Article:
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Imports and Exports:



Tot. Value of Imports 0.00 ()
From Eu:
Import Partners (EU:)
Partners Outside EU:
Import Partners:
Tot. Value of Exports ()
To Eu:
Export Partners:
Partners Outside EU::
Export Partners:
Main Imports:
Main Exports:


TRANSPORTATION/ACCESS

External:

Number of Airports:
The Balearic Islands enjoy excellent air links with Spain and the principal cities in Europe and in the world. Over 200,000 planes pass through the airport facilities of Majorca, Minorca and Ibiza every year. Palma de Mallorca is the main airport of the Balearics and in summer leads the ranking of Spanish airports in terms of nº of passengers.

Number of Main Ports:
Major Ferry Ports: Alcudia, Ciutadella, Formentera, Ibiza, Ibiza San Antonio, Palma, Mahón

Internal:

Air

Road:
Road: Number of vehicles 1998 2003 Total 642,648 752,224 Lorries and vans 83,566 105,561 Buses 2,038 2,199 Cars 490,630 567,686 Motorbikes 59,602 65,387 Industrial tractors 853 1,551 Other vehicles 5,959 9,840 By Car: The Balearic Islands have an extensive road network which makes getting about by car easy. By Bus: Regular public buses are of high standard, well maintained and cheap. Most towns have a bus terminal called “estación de autobus”. On Sundays and public holidays, schedules are drastically reduced.

Sea:
By Ferry: Regular lines link the Balearic Islands with Barcelona, Dénia and Valencia.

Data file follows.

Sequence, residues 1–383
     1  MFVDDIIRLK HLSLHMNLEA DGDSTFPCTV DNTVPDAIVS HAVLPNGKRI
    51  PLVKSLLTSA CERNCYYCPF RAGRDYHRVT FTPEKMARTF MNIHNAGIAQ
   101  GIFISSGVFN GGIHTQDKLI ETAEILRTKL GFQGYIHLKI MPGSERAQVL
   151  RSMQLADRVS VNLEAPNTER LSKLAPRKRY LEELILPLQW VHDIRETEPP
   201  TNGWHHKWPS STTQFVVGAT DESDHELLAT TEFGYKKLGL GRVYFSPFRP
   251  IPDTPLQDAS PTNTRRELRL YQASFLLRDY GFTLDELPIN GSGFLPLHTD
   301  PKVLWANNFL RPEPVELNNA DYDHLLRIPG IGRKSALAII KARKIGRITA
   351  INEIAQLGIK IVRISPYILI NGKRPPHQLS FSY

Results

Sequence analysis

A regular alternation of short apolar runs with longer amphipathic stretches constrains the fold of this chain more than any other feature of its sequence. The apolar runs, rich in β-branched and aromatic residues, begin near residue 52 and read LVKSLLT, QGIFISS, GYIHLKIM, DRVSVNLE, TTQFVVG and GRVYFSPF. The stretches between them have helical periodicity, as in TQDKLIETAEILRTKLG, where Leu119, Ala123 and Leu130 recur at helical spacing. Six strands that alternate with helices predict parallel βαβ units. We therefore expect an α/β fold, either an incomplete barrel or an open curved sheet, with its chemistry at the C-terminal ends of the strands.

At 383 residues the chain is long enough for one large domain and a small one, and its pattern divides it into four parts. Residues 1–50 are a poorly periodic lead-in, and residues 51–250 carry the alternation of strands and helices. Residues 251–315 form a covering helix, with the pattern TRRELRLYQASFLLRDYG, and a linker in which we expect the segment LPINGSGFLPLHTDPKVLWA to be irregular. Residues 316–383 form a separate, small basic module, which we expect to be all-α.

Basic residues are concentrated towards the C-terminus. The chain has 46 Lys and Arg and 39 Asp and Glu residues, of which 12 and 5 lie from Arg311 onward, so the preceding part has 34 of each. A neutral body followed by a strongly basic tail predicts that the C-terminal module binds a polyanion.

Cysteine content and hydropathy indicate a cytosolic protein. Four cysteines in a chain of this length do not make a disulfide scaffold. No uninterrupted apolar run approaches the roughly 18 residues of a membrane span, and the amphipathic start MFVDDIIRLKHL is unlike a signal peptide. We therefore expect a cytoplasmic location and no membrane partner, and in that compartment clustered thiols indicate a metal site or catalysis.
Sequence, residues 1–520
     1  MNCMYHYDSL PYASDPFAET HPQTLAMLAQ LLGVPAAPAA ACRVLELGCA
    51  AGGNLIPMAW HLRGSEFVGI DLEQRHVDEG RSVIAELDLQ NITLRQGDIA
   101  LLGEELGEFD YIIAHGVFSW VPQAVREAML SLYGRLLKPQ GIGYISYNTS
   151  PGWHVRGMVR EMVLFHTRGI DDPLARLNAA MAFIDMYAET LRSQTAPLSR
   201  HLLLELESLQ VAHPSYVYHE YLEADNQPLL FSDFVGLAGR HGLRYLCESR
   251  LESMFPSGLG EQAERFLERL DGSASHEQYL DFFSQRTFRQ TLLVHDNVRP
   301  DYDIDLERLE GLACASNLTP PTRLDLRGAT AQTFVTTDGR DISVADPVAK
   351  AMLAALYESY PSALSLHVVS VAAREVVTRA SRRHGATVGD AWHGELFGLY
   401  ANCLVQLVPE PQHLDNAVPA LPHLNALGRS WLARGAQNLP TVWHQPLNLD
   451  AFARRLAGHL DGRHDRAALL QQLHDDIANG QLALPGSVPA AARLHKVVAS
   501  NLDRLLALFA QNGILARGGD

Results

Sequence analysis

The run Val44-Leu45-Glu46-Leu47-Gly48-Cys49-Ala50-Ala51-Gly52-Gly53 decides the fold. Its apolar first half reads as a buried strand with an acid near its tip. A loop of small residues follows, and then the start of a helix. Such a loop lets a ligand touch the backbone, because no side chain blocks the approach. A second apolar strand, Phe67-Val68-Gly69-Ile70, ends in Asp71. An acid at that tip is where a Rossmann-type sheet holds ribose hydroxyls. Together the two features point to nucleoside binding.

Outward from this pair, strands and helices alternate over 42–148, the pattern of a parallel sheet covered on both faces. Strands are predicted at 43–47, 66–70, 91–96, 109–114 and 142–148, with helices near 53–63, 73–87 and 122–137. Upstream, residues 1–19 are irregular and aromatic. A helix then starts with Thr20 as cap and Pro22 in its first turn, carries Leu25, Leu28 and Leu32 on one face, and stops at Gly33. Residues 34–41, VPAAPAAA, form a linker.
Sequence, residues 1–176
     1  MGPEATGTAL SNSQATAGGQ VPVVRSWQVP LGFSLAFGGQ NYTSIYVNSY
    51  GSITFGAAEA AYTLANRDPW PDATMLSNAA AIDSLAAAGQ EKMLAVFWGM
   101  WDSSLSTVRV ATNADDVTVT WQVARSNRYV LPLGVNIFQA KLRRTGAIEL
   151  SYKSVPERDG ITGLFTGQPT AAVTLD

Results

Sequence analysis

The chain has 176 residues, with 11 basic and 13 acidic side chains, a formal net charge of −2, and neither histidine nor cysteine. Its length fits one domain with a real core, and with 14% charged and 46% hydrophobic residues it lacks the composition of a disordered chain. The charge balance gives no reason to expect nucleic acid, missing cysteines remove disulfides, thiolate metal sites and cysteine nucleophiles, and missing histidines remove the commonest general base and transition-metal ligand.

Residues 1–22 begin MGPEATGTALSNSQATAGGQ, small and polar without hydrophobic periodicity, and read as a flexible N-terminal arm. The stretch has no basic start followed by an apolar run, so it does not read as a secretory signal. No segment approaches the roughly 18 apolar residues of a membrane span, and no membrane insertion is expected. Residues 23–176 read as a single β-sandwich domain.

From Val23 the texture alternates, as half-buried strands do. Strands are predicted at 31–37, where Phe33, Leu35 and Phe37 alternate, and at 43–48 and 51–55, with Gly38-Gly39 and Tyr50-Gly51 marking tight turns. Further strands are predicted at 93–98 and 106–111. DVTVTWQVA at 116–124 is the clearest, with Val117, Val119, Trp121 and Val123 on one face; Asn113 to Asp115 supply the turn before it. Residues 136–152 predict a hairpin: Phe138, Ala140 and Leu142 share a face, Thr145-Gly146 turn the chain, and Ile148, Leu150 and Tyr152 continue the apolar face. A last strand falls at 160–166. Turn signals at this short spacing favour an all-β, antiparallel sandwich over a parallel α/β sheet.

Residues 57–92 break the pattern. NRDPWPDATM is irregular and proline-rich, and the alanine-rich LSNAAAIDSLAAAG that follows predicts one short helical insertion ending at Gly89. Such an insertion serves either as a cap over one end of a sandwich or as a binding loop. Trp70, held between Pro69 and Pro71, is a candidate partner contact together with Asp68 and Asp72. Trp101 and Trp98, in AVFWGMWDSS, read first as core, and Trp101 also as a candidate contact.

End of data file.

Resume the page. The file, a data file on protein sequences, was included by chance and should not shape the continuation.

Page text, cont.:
Other Forms of Transportation:

Economic Zones:
The exclusive economic zone of 200 nautical miles applies only to Spain’s atlantic coast

Energy Policy:
The exploitation of energy has changed considerably all along the time. The traditional economic systems, kept during many centuries, were based on three sources of energy: animal, for many agricultural and transport tasks; wind, for navigation and some agrarian industries ( in Mallorca they have worked more than 1200 wind mills to take out water from the subsoil), and vegetable (firewood and coal), for domestic uses. Fossil energy (lignites) began to be exploited in the second half of the XIX century. Turnover by type (MWH) - 2004 Total: 4,952,734 Domestic use: 1,861,331 High voltage: 1,196,078 Rest of consumption: 1,895,324 Energy turnover by sector (MWH) – 2004 Total: 2,422,010 Agriculture: 78,703 Industry: 277,070 Construction: 62,525 Services: 2,003,712